In the modern workplace, multiple generations of workers often occupy similar or overlapping roles. You need to think beyond the working conditions of a particular role and consider how different generations approach their professional development


Different generations may have different workplace values and expectations. To keep a multigenerational workforce happy and productive, employers and HR professionals need to understand how these generational differences can affect an organization’s goals and decision making process. Any actions you take should promote fairness and reduce conflict or resentment among multigenerational workers.

For example, you may find that when it comes to climbing the corporate ladder, younger employees are more likely to expect promotions. Older generations, on the other hand, are more likely to wait their turn. You need to communicate promotion policies clearly with younger generations to avoid misunderstandings and continued employee satisfaction. 

You should also be sensitive to diverse perspectives on cultural and social issues, otherwise the generational gap can become a point of friction between age groups. For many employers, it is imperative to develop policies to combat age-based stereotypes and age bias between employees of different ages. 

Use Open Dialogue to Build Trust

When considering the employee experience, you should focus on occupational similarities over generational differences. Use clear, effective communication to build interpersonal connections. This approach helps ensure that workers at various life stages work together on common goals, while developing a deep understanding of the company culture.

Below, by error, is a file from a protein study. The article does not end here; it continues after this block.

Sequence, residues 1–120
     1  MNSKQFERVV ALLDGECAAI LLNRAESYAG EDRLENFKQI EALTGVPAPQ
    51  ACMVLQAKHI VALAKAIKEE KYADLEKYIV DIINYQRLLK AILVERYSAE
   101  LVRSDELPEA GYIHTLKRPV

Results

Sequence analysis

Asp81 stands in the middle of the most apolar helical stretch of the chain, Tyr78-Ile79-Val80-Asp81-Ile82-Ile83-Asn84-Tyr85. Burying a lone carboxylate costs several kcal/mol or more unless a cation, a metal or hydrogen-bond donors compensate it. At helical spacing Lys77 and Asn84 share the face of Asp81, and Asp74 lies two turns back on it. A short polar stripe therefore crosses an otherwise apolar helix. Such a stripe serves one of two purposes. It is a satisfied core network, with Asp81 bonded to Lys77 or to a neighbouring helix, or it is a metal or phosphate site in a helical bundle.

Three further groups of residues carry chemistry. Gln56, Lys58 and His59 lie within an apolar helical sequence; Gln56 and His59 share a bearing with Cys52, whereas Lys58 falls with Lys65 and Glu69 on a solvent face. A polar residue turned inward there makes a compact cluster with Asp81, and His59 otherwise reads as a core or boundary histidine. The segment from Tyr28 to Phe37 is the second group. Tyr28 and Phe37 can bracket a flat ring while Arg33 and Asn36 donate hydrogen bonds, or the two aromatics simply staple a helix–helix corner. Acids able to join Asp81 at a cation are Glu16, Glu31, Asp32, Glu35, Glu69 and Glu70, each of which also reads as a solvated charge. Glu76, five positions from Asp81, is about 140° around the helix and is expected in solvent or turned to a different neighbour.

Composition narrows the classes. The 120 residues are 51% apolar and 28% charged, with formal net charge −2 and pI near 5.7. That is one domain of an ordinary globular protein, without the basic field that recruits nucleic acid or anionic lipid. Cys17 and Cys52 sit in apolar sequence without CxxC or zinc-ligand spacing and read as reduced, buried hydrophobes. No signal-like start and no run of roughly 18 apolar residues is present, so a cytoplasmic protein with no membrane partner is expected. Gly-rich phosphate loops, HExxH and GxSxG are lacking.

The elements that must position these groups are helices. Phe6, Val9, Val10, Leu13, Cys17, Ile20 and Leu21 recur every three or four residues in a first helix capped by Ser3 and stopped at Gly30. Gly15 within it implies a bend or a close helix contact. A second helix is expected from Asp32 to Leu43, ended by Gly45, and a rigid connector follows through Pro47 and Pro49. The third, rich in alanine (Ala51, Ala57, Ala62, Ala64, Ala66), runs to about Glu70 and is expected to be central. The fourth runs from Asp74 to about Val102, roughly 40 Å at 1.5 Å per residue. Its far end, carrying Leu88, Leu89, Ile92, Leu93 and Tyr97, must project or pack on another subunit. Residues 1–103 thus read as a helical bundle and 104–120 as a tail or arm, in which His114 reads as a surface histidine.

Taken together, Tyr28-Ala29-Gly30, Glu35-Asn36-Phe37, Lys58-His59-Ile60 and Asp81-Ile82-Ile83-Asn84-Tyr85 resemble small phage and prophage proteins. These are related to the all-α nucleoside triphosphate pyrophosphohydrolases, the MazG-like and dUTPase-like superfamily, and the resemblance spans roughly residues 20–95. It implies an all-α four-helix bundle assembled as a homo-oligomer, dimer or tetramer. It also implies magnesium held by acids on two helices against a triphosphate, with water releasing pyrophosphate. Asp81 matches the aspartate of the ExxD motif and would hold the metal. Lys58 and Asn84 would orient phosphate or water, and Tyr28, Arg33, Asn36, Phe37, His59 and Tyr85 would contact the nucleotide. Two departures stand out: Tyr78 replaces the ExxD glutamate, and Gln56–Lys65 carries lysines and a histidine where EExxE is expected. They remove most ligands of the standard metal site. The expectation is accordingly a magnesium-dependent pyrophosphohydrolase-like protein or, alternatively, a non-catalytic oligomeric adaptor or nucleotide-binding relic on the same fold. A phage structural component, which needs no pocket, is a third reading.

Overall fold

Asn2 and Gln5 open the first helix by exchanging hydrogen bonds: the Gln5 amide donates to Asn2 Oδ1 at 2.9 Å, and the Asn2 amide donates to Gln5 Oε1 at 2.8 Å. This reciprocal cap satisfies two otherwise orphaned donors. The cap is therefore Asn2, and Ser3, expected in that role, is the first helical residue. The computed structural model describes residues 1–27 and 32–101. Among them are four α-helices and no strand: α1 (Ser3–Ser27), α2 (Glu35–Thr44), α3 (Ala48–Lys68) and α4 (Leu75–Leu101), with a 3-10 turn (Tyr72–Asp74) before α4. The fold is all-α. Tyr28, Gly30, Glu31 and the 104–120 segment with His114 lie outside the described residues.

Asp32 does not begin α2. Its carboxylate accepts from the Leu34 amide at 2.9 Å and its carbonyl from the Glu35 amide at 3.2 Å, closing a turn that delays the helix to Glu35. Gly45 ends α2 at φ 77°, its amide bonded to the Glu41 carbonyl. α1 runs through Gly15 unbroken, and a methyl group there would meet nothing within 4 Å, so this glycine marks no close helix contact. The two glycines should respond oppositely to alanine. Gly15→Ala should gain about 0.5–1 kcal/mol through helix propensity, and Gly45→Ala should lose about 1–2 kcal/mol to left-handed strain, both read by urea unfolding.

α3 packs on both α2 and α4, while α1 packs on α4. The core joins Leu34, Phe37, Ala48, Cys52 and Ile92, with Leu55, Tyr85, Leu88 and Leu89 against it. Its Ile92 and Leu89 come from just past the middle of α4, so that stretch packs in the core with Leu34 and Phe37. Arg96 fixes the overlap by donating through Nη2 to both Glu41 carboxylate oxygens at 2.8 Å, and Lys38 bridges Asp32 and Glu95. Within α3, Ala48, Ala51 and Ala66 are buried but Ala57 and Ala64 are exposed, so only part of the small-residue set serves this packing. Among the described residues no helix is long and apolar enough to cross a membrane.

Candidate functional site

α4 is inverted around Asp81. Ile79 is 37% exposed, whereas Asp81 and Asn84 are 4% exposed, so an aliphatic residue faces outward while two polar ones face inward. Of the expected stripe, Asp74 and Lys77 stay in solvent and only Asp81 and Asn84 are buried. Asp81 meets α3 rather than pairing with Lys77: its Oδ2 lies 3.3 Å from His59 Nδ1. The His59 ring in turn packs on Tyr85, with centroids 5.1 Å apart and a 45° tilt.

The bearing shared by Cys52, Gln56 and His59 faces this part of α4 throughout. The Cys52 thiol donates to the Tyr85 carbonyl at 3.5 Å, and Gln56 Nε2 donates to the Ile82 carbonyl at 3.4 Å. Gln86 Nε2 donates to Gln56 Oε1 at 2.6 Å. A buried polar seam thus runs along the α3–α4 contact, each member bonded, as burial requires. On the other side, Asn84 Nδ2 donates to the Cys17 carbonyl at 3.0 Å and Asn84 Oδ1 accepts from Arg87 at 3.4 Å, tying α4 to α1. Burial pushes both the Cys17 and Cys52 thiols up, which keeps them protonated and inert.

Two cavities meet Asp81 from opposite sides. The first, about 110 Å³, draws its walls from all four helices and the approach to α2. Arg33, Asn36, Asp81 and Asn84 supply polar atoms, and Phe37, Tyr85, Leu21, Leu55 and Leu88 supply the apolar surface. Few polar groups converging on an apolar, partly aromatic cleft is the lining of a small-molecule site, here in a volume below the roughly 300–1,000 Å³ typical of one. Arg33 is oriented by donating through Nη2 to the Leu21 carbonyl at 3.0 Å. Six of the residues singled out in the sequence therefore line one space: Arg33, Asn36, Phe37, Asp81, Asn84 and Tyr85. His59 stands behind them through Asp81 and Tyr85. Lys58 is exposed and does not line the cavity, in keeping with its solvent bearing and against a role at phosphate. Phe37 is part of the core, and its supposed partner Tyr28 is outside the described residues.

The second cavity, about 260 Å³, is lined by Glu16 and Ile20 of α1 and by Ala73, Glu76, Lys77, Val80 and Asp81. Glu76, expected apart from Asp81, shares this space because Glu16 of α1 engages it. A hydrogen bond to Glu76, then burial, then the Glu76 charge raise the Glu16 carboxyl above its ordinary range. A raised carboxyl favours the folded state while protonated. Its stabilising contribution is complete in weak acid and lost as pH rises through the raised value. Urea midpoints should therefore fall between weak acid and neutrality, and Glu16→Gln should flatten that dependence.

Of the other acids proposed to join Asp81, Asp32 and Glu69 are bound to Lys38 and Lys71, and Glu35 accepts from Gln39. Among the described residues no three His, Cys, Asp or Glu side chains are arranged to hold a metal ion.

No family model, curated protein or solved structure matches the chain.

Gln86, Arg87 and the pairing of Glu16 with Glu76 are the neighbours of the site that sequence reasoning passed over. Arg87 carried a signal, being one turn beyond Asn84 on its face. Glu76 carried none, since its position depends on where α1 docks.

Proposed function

HR leaders find ways to create an open dialogue. Your team members should feel they can ask questions freely without fear of offending co-workers, whether younger or older employees. You should create spaces where team members of various generations can have open discussion and receive regular feedback. Many organizations have already begun to see how improved communication is the best way to successfully manage generational differences. 

Address the Presence of Older and Younger Generations During Onboarding

Another way to help multigenerational workers feel more comfortable is by expanding the onboarding process for new employees. 

When cultivating a multigenerational team, you need to be upfront about workplace expectations and their implications for growth potential and job security. Also, the best managers let their teams know how they will measure performance, the potential rewards if teams increase productivity or solve challenging problems, and how they can accommodate different styles of working and communicating.   

You’ll find an onboarding process like this helps prevent frustration and burnout, high turnover rates and low morale. It also lets employees know they are on the right professional path. 

Implement New Workforce Management Software

The right workforce management software helps your managers maximize the strengths of each employee. Good management is about valuing people for who they are and what they do, not what generation they came from. 

By embracing new technologies and new approaches, such as UKG workforce management consulting services, you can maximize the ROI of both salaried employees and hourly workers of all ages and skill sets. 

By finding ways to better measure, manage and optimize employee performance, you can encourage and enable the diverse range of employees in your multigenerational workforce.